The first step in the BRCA gene testing process is to meet with a genetic counselor. As soon as you consider having any genetic test, meet with a genetic counselor to determine whether it's appropriate for you and to discuss the potential risks, limitations and benefits of undergoing genetic testing.
The genetic counselor takes a detailed family and medical history, assesses your risk of developing cancer, discusses risks and benefits of genetic testing, and outlines your options.
To prepare for your meeting with a genetic counselor:
- Gather information about your family's medical history, especially that of close relatives.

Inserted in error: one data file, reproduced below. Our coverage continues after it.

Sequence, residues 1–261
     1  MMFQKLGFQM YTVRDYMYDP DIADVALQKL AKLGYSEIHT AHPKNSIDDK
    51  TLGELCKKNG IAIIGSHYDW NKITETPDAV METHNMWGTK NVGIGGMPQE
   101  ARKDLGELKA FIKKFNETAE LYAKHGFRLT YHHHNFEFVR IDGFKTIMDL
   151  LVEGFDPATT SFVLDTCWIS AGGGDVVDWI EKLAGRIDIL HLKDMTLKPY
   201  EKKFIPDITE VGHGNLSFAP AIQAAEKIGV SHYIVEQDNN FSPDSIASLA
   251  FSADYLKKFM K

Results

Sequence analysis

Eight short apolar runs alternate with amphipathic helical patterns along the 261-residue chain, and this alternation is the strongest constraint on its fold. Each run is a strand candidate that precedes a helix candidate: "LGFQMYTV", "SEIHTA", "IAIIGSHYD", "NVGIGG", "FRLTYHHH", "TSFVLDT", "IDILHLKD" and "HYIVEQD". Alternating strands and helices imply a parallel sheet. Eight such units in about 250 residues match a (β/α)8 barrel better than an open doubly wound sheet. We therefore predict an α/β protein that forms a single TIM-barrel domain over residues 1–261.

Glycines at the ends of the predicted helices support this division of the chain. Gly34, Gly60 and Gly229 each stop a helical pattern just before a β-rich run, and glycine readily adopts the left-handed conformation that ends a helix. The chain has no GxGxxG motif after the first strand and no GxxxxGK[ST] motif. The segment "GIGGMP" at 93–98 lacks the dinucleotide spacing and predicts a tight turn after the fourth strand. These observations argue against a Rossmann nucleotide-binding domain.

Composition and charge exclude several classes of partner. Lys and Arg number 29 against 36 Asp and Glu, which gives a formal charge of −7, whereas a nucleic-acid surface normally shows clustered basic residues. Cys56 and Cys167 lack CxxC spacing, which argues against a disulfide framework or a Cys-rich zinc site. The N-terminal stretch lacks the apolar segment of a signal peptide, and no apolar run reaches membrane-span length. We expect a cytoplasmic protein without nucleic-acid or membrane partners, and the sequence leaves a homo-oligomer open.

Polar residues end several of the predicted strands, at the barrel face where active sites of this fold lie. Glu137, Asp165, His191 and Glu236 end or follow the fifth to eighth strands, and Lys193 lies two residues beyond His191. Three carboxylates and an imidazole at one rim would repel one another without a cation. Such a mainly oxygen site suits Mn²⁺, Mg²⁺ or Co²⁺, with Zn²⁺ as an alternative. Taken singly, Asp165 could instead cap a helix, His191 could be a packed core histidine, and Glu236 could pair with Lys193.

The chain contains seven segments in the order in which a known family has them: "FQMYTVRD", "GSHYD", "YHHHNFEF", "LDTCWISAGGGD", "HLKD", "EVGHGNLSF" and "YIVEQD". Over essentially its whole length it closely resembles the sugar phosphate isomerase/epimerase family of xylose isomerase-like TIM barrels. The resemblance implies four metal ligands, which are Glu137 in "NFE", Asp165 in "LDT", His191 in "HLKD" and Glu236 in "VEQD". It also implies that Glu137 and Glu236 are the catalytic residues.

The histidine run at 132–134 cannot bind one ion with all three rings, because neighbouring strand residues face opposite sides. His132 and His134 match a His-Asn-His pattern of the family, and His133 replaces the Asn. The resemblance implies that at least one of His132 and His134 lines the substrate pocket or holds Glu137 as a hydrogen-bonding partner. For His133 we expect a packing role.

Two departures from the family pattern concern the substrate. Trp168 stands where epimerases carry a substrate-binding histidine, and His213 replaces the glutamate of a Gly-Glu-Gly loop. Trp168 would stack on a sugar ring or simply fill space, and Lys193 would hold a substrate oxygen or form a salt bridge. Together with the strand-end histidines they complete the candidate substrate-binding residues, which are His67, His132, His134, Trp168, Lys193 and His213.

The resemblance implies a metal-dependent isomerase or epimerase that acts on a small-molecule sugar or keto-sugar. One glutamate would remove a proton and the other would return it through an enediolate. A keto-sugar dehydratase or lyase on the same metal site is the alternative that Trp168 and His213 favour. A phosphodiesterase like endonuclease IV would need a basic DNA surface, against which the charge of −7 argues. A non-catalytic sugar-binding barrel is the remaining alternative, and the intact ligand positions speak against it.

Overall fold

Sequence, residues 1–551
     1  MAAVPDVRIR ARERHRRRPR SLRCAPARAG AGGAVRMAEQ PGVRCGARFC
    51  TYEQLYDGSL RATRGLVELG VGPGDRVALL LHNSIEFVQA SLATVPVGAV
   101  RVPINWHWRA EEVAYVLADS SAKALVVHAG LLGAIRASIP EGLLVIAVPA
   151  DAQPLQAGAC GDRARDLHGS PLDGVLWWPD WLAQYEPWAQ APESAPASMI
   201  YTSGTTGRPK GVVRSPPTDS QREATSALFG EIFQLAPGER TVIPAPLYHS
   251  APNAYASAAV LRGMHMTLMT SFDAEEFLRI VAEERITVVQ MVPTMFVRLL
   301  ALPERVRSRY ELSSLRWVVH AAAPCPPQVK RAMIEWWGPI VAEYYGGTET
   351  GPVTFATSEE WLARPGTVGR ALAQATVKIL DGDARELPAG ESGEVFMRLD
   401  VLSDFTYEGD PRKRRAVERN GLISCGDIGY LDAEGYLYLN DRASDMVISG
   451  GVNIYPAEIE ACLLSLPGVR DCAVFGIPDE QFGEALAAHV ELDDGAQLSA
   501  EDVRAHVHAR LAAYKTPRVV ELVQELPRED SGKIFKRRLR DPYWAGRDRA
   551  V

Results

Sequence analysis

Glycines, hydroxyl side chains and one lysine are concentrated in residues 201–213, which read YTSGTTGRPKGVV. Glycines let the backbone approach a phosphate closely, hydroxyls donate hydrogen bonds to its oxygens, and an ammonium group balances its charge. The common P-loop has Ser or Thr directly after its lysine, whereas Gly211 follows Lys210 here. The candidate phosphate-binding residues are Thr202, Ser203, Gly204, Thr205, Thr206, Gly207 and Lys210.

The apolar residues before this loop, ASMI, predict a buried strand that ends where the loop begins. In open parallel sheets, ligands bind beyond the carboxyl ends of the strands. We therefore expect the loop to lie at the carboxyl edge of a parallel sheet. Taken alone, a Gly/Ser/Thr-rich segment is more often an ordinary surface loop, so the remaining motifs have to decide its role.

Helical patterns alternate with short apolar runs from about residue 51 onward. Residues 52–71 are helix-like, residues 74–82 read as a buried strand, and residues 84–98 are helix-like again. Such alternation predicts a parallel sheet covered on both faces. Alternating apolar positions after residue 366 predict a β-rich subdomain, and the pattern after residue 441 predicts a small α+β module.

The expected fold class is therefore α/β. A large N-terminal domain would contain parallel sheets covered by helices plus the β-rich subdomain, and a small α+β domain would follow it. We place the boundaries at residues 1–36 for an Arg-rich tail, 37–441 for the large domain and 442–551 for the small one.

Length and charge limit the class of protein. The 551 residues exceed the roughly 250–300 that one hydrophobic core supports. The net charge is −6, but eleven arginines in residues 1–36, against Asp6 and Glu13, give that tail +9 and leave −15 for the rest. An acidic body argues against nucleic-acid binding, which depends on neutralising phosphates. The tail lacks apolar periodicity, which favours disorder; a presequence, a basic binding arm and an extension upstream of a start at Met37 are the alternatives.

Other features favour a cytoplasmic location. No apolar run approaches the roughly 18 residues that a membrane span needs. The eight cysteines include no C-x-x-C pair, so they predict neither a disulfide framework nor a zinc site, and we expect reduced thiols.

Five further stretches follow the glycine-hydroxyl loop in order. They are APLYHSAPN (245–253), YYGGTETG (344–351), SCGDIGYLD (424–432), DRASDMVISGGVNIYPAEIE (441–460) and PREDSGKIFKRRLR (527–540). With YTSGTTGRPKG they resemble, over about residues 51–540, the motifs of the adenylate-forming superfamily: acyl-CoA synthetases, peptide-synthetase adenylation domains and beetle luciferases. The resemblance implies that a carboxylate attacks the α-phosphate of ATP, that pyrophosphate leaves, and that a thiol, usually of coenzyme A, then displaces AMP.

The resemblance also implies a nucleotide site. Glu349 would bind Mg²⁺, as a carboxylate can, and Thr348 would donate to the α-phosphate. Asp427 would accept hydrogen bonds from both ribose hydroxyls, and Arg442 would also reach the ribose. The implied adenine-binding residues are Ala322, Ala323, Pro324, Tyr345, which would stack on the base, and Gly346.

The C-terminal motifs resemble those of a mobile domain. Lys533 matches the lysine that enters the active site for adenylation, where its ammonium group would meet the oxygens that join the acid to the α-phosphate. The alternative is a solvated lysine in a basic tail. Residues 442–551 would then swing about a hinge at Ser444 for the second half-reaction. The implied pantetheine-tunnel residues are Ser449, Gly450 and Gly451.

- Document your personal medical history, including collecting records from specialists or results of previous genetic testing, if available.
- Write down questions for the counselor.
- Consider having a friend or family member accompany you to help ask questions or take notes.
Proceeding with genetic testing after you meet with a genetic counselor is up to you.
If you decide to proceed with the BRCA genetic test, prepare yourself for the emotional and social implications that learning your genetic status might have. Test results could also fail to provide you with clear-cut answers regarding your cancer risk, so prepare to face that possibility, too.
Sept. 01, 2016
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BRCA gene test for breast and ovarian cancer risk